The first segment 56 may be a tube and is preferably formed plastic, but could also be a metal hypotube or other material. In some embodiments, the tube 56 is formed of a polyether block amide (PEBA) or other type of a thermoplastic elastomer (TPE). In particular, the tube 56 can be a wire braided reinforced PEBA which can enhance pushability and trackability.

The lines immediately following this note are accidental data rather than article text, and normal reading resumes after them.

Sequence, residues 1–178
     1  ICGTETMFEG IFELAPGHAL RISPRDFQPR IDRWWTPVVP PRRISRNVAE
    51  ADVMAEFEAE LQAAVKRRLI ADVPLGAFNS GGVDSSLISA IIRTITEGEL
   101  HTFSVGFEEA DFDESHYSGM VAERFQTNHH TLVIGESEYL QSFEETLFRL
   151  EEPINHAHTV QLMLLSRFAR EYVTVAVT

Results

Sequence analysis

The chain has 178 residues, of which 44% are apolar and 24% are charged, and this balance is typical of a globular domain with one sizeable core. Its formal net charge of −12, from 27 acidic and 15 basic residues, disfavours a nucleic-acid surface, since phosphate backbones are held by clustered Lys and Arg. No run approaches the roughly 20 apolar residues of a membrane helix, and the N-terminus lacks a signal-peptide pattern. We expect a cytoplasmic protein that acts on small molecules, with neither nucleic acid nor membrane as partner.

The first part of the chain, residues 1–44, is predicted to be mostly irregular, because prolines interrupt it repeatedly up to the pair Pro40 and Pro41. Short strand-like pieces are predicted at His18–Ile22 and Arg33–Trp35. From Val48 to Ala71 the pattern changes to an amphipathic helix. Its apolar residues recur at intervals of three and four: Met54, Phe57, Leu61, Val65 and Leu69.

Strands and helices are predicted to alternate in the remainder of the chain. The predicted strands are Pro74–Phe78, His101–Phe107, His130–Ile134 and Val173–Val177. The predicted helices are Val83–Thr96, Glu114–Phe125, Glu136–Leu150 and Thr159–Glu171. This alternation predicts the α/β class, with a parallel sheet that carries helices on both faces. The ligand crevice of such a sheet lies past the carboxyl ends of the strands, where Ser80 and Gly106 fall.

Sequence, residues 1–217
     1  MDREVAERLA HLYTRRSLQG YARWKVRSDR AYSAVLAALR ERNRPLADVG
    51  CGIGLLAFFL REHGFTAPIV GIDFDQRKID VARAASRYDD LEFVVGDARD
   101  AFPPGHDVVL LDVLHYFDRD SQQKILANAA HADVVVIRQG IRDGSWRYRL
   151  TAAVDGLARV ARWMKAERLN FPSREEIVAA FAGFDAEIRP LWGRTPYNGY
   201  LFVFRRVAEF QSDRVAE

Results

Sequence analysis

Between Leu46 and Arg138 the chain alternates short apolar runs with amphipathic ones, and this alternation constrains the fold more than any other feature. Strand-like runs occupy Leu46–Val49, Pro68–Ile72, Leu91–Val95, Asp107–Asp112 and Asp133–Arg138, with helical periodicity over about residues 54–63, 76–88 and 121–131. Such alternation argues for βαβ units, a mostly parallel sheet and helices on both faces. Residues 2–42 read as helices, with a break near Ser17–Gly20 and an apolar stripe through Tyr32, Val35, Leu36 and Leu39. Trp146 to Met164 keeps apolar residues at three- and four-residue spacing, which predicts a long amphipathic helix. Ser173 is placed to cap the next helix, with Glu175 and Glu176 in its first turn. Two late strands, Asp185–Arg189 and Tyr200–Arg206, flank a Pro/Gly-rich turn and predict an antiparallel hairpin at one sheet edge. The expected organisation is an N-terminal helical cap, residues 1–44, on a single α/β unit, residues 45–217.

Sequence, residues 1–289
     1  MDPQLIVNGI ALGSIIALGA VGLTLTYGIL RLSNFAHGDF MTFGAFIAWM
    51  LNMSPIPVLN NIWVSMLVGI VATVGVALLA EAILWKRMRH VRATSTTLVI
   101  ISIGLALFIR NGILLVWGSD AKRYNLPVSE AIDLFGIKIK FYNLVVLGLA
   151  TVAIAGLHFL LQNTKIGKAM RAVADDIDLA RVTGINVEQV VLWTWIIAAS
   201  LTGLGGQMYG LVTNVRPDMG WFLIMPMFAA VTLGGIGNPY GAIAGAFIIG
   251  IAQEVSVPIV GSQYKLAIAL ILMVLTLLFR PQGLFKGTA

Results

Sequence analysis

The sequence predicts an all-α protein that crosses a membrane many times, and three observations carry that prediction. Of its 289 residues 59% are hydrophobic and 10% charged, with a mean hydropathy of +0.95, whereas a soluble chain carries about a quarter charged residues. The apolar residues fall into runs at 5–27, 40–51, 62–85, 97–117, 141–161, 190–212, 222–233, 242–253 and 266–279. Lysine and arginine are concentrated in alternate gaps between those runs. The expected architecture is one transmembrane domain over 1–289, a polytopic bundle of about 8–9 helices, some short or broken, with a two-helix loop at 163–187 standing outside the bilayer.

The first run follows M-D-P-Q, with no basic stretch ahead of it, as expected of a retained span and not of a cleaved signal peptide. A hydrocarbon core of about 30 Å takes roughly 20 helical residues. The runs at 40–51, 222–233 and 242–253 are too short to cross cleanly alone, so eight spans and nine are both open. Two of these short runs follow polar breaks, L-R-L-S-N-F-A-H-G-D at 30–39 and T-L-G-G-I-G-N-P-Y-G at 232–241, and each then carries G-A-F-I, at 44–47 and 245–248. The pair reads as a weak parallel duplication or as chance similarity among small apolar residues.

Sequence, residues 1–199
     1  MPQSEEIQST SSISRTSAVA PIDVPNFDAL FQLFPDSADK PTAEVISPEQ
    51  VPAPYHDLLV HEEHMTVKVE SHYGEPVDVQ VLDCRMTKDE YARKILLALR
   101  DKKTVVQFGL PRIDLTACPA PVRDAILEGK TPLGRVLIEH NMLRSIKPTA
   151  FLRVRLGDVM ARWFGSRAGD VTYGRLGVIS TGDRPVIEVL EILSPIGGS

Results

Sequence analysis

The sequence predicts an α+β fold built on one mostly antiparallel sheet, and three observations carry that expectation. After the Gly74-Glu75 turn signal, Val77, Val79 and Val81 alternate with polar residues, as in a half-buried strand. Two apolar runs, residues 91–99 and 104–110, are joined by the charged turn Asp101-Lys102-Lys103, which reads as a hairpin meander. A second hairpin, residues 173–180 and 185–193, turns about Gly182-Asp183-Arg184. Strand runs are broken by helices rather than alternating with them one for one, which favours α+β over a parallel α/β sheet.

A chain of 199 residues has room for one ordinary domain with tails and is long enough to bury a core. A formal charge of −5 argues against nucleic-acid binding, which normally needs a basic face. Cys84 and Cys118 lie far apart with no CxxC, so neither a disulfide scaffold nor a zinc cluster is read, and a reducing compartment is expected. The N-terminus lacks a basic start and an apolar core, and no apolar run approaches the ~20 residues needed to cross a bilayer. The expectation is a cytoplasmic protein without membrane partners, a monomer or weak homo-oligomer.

The second segment 58 can be a metal hypotube which in some embodiments may be cut or have slots. The tube 58 can be covered or encapsulated with a layer of ePTFE, PTFE, or other material so that the outer surface of the outer sheath assembly is generally smooth. The third segment 60 can be a tube formed of a plastic or metal material. In a preferred embodiment, the third segment 60 is formed of ePTFE or PTFE. In some embodiments this sheathing material can be relatively thick to prevent tearing and to help maintain a self-expanding implant in a compacted configuration. In some embodiments the material of the third segment 60 is the same material as the coating on the cut hypotube 1058. The full construction of the second segment 58 and third segment 60 are discussed in detail below with respect to FIG. 9.